HeroesCon was our test run into exhibiting at a convention, so we didn’t quite prepare for the massive crowds we received. We had to ration our t-shirts and bags so as to not run out on Friday, although by Sunday all the t-shirts were gone. The same was true for the stock of comics we brought to give out alongside our stickers. Three trips had to be made to the show floor to find more comics for the prize wheel. Thankfully that wasn’t a big problem, although getting receipts from vendors at a comic convention proved more entertaining than I could have predicted. We did learn a few things from working the wheel nonstop for two days:
- People love spinning wheels (this cannot be reiterated enough)
- Regardless of the answer given, the spinning wheel is a fun introduction to our site that leads to many smiles and much swag
- Give away most of the bags and shirts on Friday so that people will be using them all weekend long; by Sunday we became known as the “bag people” because of the high number of our bags on the show floor
- It takes 3 people to man the booth; 2 to ask questions and 1 to wrangle the wheel’s line
- People care way more about trivia than swag, although swag is super awesome too; people came back multiple times JUST to be asked more questions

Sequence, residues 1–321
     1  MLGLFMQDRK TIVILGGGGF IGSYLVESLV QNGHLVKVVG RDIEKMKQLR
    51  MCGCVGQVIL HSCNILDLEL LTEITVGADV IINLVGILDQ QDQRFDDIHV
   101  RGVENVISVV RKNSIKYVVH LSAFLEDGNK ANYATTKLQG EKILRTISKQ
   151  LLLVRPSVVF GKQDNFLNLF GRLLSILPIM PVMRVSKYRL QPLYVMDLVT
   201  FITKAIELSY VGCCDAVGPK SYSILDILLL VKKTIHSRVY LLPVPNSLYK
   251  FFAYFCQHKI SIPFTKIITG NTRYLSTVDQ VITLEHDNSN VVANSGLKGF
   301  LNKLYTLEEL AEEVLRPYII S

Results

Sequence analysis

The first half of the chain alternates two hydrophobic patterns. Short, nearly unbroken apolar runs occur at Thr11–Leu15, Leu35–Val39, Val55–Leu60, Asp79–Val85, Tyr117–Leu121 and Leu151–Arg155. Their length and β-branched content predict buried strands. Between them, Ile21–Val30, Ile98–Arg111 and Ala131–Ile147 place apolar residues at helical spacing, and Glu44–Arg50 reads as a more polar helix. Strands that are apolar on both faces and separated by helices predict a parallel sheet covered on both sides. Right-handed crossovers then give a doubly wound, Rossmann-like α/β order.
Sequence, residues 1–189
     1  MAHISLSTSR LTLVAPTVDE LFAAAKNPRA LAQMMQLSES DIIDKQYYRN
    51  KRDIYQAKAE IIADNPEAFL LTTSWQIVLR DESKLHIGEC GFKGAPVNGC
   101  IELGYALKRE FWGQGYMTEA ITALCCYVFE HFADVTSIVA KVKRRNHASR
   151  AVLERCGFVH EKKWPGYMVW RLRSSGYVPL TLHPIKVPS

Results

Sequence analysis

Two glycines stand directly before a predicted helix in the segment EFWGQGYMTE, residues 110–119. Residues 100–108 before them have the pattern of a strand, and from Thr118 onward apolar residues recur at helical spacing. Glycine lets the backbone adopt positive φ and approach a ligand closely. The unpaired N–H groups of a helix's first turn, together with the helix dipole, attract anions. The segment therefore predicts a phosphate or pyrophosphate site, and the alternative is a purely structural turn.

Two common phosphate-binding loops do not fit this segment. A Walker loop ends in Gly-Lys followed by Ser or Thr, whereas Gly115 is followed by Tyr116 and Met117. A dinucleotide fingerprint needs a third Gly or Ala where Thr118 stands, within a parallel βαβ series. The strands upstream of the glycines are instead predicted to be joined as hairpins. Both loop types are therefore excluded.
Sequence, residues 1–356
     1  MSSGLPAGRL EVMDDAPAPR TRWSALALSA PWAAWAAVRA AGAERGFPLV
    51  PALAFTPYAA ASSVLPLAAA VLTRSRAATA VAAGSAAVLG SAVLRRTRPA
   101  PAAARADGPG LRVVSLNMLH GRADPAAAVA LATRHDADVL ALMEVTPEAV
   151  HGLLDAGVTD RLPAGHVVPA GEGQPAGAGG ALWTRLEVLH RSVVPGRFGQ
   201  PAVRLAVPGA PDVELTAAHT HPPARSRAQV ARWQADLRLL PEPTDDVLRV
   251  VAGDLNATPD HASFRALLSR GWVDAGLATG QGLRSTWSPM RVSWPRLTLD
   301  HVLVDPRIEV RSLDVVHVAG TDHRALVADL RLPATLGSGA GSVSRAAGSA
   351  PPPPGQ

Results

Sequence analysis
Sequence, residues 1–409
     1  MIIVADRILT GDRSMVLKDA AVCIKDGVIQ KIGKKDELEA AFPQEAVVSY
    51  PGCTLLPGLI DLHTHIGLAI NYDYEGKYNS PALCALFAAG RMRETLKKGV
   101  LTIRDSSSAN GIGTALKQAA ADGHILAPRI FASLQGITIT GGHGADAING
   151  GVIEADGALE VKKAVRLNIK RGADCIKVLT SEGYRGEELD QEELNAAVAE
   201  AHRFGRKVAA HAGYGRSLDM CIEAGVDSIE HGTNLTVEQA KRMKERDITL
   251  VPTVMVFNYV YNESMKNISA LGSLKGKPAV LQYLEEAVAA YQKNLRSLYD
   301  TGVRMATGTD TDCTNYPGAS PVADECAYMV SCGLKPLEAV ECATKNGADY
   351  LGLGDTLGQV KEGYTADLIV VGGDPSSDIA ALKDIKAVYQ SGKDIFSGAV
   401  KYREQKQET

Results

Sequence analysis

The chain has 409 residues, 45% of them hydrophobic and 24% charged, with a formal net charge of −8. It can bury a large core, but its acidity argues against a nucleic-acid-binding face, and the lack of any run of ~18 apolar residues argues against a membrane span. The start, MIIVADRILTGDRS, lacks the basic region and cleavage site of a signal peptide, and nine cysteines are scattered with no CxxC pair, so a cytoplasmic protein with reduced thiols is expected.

- Ask kids softball questions and be super awesome to them; they have parents attached to them who will probably like the site if the site’s representatives make their kids happy
- We need some banners: one that clearly states that the table is a SciFi.SE jam, and another that features a call to action about the spinning wheel (“Can you answer our questions?!” or something)
Since we didn’t get a chance to leave the table for the first two days of the con, we decided to shut down the spinning wheel and make video content our main priority for Sunday. My main goal with HeroesCon was to create video content that could live on the internet forever and reach a wider audience due to having informative content with creators that people care about. The success of the spinning wheel got a bit in the way of that, and led us to learn a few facts about creating video content at a convention:
- Try to bring enough people to a convention so that 2-3 can work the table and another 2-3 can hit the floor to get video content. If only 2-3 people can go to a con, set up a spinning wheel schedule so that all 3 days are relatively equal parts table-sitting and video production.